Tester Opening Statement on VA Budget Presentation

(U.S. Senate) – Ranking Member of the Senate Veterans' Affairs Committee Jon Tester today heard VA Secretary Robert Wilkie deliver the VA’s budget priorities for Fiscal Year 2020.

The following is Tester's opening statement, as prepared for delivery:

Secretary Wilkie, thank you and your team for being here. 

Over the last few years, this committee has heard from VA about what it needs to be successful in its mission.

We’ve also engaged with Veterans Service Organizations about what they want and need from VA. 

This Committee has listened.  And we have acted - leading the way on a number of monumental reforms on behalf of our nation’s veterans.

That’s an important part of our job – providing VA with the resources and tools you need. 

Equally critical, though, is your job – deciding how new authorities and resources are executed and utilized.  And that is where my concerns lie. 

In my view, the level of commitment from Congress to address health care vacancies and critical infrastructure needs at VA has not been matched by the Department.

I have CBOCs in Montana with no doctors, no advanced clinicians, and where care is only provided through telehealth.

The CBOC in Havre, Montana has one clinical staff member, a part-time Advance Practice Nurse who lives in Great Falls, over 100 miles away and sees veterans via telehealth.

Telehealth is a great innovation, but it can’t replace all types of health care.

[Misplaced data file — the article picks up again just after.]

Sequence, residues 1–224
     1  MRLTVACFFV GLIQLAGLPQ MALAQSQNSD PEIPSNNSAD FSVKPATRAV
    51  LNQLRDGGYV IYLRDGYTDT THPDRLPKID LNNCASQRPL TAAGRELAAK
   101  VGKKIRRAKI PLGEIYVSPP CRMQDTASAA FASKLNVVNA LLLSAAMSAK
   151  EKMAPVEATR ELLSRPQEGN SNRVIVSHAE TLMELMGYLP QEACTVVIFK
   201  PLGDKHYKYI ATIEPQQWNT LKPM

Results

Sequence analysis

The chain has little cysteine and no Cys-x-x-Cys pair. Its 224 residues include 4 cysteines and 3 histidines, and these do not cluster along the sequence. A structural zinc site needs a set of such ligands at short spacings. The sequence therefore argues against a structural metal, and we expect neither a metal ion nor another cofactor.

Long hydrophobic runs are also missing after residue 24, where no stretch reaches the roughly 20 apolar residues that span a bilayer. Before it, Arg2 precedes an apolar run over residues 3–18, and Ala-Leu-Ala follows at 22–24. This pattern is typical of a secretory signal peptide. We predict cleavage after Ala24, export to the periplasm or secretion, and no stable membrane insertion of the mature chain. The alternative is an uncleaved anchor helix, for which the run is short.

So you get my frustration – that VA’s primary focus seems to be expanding eligibility and investments into community care, often at the expense of capacity-building initiatives.

As you and I have discussed, there is certainly a role for private sector care, particularly in places like Montana.

But I think you’re taking the Department down a dangerous and very expensive path.  When it comes to veterans, you can outsource the care but you can’t outsource the responsibility.  

And when you send them into the community for care without first knowing if that care can be provided in a timely manner, you are outsourcing your responsibility.   

When you hold VA providers to one set of standards and community providers to lesser standards, you are outsourcing your responsibility.

After all, none of us want a flood of veterans going into the community for care that is less timely and lower quality.

And we certainly can’t head down that path without a firm grasp for how much it will cost American taxpayers.  

For example, we received multiple estimates from the Department on how much it would cost to implement access standards in the months leading up to this budget request.

None of those estimates match the number that finally appeared in the budget request.

So it’s not clear how you came up with that estimate.

It’s also not clear whether the technology you need to implement this program, such as the Decision Support Tool, will be ready and on time for implementation.

I have been receiving conflicting reports about the readiness of this tool. And frankly, I’m frustrated we continue hearing about IT solutions that may not be executed properly.

As you know, the VA has struggled for many years in the field of IT, earning it a place on the GAO’s High Risk List again this year.

I recently had a great meeting with Jim Gfrerer (JA-FRAIR) but the lack of OIT representation from the Department today raises questions about how you are prioritizing these issues.

I would note that the modest increase in IT funding in your request barely exceeds FY2017 funding levels.

We have seen how flawed IT rollouts impact veterans, and the progress VA is making on replacing antiquated systems can’t afford to be plagued with shortcuts. 

So, I look forward to hearing more details about this Budget Request, and I look forward to our conversation. 

Thank you all again for being here.